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Belarus and Minsk agreements as main strategic lines of Russian propaganda. IMI research

25.09.2020, 13:51

"Violations of the Minsk agreements by Ukraine," its "interference with the affairs of Belarus" and "disruption of water supply to Crimea" became the main Russian propaganda narratives on Ukraine which have been disseminated in the Russian and Belarusian mass media.

These are the results of a study fulfilled by analysts of the StopFake.org project in partnership with the NGO "Institute of Mass Information" *.

13 disinformation narratives were found in the Russian media. The most common were accusations of Ukraine of violating the Minsk agreements (30.4% of all propaganda narratives about Ukraine), disruption of water supply to "Russian Crimea" (20.6%) and interference with the affairs of Belarus (13%).

Most of the news on the Minsk agreements concerned statements made by the leader of the self-proclaimed Donetsk People’s Republic, Denis Pushylin, about "opening fire on the engineering works of the Armed Forces of Ukraine", emphasizing that the Ukrainian side allegedly ignored the demands of the DPR and LPR leaders. Russian publications covered the events manipulatively, supporting only the position of the so-called "republics" without presenting the opinion of the other party and the facts from international observers who refuted this standpoint.

The study found that a new aspect of the "Crimean narrative" was the issue of water supply to the Crimea. Russian media have been actively spreading fake news about the alleged UN statement saying that Ukraine, together with Russia, was responsible for Crimea's water supply. 

Experts have recorded a new narrative in Russian propaganda : "Ukraine's interference in the affairs of Belarus." The Russian media are actively spreading the fake report saying that Ukrainian extremists and nationalists would have been allegedly involved in the protest rallies, and the protests themselves were organized following some "Western guidelines:" In particular, a number of fake and manipulative reports mentioned that even the UN had allegedly noted the role of Ukrainian radicals in the protests actions in Belarus. In fact, such a statement was made at an informal meeting of the UN Security Council on the "Arria formula" by the First Deputy Permanent Representative of Russia to the organization Dmitryy Polyansky. This fake news was refuted by Ukrainian Ministry of Foreign Affairs.

As for the Belarusian mass media, the main topic of anti-Ukrainian disinformation was the discrediting of Euromaidan in 2013-2014. In particular, mentions that "the Maidan led to the collapse of Ukraine in all spheres of life" were voiced by the Belarusian mass media for at least  19 times. The second most common topic of anti-Ukrainian disinformation was "Belarus is trying to organize a color anti-Russian revolution according to Western guidelines, as this was the case in Ukraine."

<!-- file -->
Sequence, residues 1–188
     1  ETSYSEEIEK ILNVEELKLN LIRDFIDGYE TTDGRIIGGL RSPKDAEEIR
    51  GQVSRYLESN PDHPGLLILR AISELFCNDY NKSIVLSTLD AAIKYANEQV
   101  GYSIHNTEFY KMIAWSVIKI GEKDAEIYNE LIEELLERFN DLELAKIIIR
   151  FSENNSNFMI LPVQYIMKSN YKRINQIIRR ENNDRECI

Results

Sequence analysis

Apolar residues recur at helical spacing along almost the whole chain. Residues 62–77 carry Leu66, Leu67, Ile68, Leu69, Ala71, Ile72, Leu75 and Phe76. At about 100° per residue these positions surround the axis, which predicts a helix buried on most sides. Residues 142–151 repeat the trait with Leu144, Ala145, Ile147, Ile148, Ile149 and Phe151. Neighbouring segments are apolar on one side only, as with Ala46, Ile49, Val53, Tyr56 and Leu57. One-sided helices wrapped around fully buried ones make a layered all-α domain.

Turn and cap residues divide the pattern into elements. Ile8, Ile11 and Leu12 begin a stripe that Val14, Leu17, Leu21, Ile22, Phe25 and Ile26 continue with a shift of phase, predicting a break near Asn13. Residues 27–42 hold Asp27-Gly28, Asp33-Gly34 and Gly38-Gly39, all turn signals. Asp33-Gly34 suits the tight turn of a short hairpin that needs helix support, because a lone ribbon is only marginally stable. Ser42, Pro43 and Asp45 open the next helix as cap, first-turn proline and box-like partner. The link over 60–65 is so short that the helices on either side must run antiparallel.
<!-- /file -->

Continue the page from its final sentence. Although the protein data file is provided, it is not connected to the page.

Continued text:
The results of the monitoring evidenced that the narrative strategy of Russian propaganda remained unchanged and the number of stories with some attributes of misinformation about Ukraine does not decrease. In view of this, the experts supposed that the identified topics ("The situation in the eastern Ukraine", "Crimea", "Ukraine as fascist / Nazi state", "Maydan", "Discrediting the pro-Western policy of the Ukrainian government / language policy", etc.) are going to be voiced in the future.

The full text of the analytics is available at the link 

* The sample includes all materials of the 10 most popular Russian media (RT Russian, RIA Novosti, Life, "Moscow Komsomolets", RBC, Ya62.ru (Ryazan portal), KazanFirst, Rzn.info, Gorobzor.ru) for September 2020, according to with data from Mediametrics, and 10 Belarusian media ("Belarus 1", ONT, STV, "Belsat TV", TUT.BY, "Nasha Niva", Euroradio, "SB. Belarus Today", "Sputnik Belarus", Naviny.by ), which mentioned Ukraine. The monitoring period is September 3-9, 2020. 

** The analysis was conducted by experts of the StopFake project in partnership with the Institute of Mass Infor,mation. The project is funded by the Thomson Reuters Foundation as part of a program to support independent media in the Eastern Partnership countries with the support of the Ministry of Foreign Affairs and the Commonwealth of Great Britain. 

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